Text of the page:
Humans clearly have an automatic tendency to think in terms of good guys and bad guys. Old news, really. What I want to talk about is how insidious it is.
Let’s look at an absurdly black and white example first. Some games — such as the tabletop role-playing game Dungeons and Dragons and a computer game I almost played at one point called RetroMUD — have a system where characters are officially classified as good, evil, or neither. (This is often called character alignment.) This kind of thing doesn’t need to be all black and white, but it often is. In the extreme versions, it goes like this: while it’s heinous for an evil creature to attack a good one, a good creature attacking an evil creature is doing a good deed even if the evil creature was just sitting there. After all, if the evil creature ever did something, it would be evil things. Because it’s evil. Often this applies to entire species or “races” of creatures. I mentioned RetroMUD because if I recall correctly the documentation said that to maintain a good alignment for your player character over time it was necessary to keep killing evil creatures — combining total naïveté with the bean-counting mechanics of a computer game to absurd results.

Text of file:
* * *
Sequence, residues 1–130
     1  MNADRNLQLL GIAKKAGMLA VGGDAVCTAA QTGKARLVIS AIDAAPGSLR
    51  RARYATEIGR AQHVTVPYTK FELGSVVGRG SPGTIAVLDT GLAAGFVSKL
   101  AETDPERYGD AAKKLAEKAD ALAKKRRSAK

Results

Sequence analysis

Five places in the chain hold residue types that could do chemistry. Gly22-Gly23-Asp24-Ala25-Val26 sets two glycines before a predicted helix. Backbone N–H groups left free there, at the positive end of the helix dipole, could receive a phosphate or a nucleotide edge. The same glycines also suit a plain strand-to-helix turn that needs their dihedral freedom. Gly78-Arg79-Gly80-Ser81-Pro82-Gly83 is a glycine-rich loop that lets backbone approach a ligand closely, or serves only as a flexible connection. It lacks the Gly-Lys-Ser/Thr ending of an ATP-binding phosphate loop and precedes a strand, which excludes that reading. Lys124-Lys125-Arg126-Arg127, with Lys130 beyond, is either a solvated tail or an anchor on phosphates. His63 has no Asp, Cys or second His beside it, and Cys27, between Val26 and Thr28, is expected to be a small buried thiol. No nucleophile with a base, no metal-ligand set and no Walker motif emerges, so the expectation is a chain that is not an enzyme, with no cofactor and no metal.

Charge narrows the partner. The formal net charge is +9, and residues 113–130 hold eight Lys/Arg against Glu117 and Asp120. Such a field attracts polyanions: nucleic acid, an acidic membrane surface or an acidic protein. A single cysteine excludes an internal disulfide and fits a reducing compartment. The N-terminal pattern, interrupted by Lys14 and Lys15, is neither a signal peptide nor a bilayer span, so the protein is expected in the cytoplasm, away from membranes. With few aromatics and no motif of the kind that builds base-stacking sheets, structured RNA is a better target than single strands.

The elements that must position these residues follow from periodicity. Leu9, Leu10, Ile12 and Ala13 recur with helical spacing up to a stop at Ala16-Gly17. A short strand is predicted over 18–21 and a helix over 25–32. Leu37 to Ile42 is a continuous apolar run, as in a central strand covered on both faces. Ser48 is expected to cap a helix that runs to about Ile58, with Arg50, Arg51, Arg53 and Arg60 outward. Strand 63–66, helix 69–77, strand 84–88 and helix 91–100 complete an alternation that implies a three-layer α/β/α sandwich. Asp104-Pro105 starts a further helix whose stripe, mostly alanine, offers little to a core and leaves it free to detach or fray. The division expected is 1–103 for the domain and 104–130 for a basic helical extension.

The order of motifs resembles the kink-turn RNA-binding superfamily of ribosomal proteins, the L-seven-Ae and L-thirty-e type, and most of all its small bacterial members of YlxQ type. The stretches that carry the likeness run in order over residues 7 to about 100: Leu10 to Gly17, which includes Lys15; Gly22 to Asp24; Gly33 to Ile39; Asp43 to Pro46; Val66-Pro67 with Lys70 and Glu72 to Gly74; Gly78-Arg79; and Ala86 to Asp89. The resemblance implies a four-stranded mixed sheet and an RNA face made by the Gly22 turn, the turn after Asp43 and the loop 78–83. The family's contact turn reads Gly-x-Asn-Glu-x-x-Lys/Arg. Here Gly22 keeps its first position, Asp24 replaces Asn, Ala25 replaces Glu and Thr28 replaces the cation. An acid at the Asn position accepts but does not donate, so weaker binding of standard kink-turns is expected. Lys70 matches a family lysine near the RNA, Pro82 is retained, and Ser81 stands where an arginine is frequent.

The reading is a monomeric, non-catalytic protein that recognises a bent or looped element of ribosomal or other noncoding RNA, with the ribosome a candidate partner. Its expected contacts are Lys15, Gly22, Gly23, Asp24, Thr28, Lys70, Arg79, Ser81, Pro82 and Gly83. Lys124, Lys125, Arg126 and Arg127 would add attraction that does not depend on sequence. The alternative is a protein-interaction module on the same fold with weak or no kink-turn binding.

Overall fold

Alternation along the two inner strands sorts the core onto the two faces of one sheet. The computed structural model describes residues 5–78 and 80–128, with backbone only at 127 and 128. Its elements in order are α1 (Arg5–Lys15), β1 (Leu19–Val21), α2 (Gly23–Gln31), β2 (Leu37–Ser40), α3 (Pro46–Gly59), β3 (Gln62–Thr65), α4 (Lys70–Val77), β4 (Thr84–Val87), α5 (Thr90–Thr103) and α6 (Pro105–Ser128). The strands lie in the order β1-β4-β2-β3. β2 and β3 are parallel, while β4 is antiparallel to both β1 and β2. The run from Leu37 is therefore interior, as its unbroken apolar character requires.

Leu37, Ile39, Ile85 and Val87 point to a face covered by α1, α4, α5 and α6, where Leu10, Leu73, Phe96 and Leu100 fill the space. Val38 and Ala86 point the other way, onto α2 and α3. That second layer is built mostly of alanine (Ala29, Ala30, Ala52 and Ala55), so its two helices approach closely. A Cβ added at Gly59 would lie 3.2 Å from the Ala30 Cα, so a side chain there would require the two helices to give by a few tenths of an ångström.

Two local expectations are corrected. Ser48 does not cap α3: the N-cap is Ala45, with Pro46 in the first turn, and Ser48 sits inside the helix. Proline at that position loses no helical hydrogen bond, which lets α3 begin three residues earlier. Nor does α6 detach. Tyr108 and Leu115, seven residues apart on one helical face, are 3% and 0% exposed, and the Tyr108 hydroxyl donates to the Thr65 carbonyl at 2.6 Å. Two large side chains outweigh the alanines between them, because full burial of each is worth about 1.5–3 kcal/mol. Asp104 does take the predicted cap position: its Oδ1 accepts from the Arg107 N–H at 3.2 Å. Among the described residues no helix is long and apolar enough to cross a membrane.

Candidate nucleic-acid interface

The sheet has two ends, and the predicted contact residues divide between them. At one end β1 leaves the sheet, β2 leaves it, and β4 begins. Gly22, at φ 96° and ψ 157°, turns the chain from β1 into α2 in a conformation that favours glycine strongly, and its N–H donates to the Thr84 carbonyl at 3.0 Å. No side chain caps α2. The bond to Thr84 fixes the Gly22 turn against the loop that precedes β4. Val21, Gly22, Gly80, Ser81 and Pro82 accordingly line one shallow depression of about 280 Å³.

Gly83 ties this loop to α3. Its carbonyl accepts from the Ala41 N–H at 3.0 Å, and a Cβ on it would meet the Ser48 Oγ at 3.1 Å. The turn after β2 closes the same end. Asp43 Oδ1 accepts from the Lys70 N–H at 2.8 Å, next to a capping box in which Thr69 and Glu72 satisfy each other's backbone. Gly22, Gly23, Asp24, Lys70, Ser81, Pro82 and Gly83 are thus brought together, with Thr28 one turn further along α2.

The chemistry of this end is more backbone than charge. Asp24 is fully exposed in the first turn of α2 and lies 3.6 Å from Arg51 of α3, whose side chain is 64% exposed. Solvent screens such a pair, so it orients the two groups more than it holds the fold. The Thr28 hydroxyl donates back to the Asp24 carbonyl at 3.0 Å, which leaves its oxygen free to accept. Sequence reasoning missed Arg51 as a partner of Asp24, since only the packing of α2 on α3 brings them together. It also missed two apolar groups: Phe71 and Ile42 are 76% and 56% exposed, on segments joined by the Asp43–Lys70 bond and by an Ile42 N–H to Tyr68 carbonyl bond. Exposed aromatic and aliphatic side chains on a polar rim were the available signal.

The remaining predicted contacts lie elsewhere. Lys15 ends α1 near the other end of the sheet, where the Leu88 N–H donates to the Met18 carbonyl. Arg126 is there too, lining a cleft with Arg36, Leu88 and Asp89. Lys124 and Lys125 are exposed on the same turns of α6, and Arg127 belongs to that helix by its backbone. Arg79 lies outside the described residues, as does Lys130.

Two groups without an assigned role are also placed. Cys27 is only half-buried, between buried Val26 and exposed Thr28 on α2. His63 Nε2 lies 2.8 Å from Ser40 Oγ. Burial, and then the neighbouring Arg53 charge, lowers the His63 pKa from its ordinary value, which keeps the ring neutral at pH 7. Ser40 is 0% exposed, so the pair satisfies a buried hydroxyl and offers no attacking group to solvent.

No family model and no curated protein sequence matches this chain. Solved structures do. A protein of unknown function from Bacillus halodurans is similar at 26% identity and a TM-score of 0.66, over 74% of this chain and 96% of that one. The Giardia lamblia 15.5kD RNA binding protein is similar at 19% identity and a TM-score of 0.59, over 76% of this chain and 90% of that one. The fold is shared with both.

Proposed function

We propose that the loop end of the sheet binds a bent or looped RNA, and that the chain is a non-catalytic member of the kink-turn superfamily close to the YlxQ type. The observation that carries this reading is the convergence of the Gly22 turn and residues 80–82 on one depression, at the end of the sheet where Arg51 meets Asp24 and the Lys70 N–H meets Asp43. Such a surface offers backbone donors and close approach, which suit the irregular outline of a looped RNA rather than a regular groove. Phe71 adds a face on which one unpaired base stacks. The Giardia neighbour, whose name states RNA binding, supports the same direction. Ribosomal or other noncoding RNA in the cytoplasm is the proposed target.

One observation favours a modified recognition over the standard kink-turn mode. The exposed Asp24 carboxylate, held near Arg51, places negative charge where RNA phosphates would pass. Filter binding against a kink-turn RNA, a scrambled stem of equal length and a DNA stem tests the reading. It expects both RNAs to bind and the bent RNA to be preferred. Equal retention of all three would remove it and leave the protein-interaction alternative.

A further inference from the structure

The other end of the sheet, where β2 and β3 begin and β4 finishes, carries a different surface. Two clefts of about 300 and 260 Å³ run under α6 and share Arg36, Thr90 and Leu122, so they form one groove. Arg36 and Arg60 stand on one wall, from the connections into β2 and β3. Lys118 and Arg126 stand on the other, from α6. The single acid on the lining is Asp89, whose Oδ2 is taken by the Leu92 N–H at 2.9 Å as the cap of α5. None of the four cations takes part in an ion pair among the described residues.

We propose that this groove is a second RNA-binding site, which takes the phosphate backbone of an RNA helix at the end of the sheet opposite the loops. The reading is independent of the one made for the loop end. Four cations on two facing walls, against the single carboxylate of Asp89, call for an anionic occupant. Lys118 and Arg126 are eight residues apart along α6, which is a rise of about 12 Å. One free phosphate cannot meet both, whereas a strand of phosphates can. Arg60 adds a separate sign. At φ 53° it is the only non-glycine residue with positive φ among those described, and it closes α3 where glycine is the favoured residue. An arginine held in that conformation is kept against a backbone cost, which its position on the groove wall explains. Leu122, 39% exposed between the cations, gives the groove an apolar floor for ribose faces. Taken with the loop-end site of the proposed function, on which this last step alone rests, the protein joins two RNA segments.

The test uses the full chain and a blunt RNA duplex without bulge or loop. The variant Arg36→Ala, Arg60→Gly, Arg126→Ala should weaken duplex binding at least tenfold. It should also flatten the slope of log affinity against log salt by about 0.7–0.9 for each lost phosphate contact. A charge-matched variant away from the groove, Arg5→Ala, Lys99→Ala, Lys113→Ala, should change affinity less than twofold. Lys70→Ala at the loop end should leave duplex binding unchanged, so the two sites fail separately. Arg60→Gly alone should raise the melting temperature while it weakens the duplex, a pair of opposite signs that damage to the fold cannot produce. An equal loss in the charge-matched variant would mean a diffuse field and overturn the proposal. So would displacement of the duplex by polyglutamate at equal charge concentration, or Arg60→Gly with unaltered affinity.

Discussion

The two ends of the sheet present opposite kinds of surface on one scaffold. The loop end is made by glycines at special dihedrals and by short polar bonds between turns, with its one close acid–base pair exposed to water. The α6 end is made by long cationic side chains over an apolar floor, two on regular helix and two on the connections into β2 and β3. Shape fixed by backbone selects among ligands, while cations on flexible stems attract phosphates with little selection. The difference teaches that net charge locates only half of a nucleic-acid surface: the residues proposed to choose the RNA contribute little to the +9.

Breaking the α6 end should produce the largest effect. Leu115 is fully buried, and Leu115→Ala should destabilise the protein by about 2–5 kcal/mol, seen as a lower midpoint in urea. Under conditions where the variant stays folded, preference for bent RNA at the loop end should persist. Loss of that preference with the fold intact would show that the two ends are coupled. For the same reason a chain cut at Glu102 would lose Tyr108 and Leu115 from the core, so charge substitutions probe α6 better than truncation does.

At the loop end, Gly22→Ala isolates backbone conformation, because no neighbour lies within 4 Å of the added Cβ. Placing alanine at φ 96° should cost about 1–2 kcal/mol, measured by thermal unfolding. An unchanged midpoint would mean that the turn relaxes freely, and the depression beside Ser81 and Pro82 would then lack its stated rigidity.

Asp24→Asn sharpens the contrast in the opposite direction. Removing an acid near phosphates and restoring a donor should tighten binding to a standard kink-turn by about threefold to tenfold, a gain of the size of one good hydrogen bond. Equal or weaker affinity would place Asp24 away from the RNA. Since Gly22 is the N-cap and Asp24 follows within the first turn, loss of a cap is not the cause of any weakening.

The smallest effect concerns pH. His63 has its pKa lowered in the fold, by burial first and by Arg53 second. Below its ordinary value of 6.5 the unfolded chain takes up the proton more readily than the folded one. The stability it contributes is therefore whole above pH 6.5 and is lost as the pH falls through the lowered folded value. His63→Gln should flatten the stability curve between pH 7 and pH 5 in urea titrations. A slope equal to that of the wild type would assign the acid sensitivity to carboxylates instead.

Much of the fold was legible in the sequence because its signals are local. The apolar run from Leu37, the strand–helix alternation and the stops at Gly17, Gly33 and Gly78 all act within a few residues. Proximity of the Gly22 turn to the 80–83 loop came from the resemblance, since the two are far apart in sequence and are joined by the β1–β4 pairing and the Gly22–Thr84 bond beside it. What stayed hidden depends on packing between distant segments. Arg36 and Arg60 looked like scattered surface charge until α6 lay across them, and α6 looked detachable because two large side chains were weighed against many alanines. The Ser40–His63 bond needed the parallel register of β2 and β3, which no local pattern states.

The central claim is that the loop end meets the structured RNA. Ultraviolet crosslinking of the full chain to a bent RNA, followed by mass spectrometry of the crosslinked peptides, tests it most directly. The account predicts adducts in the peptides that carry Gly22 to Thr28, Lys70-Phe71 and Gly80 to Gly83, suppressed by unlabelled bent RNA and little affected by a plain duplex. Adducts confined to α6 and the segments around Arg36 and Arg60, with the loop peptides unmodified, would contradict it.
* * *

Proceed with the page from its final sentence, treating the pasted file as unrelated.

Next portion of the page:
Okay, so how is any of this subtle? The subtlety is in how much our brain manages to fool us assuming something just like that even after we have reached the point where we would recognise it as absurd spelled out loud. Continue reading